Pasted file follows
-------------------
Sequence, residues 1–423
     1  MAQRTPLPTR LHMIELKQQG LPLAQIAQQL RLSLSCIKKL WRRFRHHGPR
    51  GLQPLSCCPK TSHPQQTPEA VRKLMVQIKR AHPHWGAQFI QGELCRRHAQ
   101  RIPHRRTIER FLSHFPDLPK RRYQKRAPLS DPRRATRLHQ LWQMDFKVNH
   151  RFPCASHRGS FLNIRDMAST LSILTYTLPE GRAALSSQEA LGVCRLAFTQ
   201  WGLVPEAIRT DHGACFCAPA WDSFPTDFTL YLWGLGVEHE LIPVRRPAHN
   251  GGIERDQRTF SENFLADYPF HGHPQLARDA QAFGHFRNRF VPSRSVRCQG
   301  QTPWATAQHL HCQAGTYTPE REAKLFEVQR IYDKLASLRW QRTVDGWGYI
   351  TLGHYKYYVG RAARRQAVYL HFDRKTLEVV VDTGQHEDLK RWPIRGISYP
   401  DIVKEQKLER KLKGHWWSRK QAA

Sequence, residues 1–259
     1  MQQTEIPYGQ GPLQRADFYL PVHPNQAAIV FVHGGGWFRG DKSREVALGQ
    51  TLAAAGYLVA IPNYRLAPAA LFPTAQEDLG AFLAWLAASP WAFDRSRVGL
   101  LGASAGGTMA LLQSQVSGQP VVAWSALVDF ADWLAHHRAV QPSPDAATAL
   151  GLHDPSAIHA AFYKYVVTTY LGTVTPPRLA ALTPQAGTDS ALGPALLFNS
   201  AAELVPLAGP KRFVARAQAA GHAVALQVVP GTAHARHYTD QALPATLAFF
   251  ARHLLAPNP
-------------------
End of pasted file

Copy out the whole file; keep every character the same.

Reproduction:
Sequence, residues 1–423
     1  MAQRTPLPTR LHMIELKQQG LPLAQIAQQL RLSLSCIKKL WRRFRHHGPR
    51  GLQPLSCCPK TSHPQQTPEA VRKLMVQIKR AHPHWGAQFI QGELCRRHAQ
   101  RIPHRRTIER FLSHFPDLPK RRYQKRAPLS DPRRATRLHQ LWQMDFKVNH
   151  RFPCASHRGS FLNIRDMAST LSILTYTLPE GRAALSSQEA LGVCRLAFTQ
   201  WGLVPEAIRT DHGACFCAPA WDSFPTDFTL YLWGLGVEHE LIPVRRPAHN
   251  GGIERDQRTF SENFLADYPF HGHPQLARDA QAFGHFRNRF VPSRSVRCQG
   301  QTPWATAQHL HCQAGTYTPE REAKLFEVQR IYDKLASLRW QRTVDGWGYI
   351  TLGHYKYYVG RAARRQAVYL HFDRKTLEVV VDTGQHEDLK RWPIRGISYP
   401  DIVKEQKLER KLKGHWWSRK QAA

Sequence, residues 1–259
     1  MQQTEIPYGQ GPLQRADFYL PVHPNQAAIV FVHGGGWFRG DKSREVALGQ
    51  TLAAAGYLVA IPNYRLAPAA LFPTAQEDLG AFLAWLAASP WAFDRSRVGL
   101  LGASAGGTMA LLQSQVSGQP VVAWSALVDF ADWLAHHRAV QPSPDAATAL
   151  GLHDPSAIHA AFYKYVVTTY LGTVTPPRLA ALTPQAGTDS ALGPALLFNS
   201  AAELVPLAGP KRFVARAQAA GHAVALQVVP GTAHARHYTD QALPATLAFF
   251  ARHLLAPNP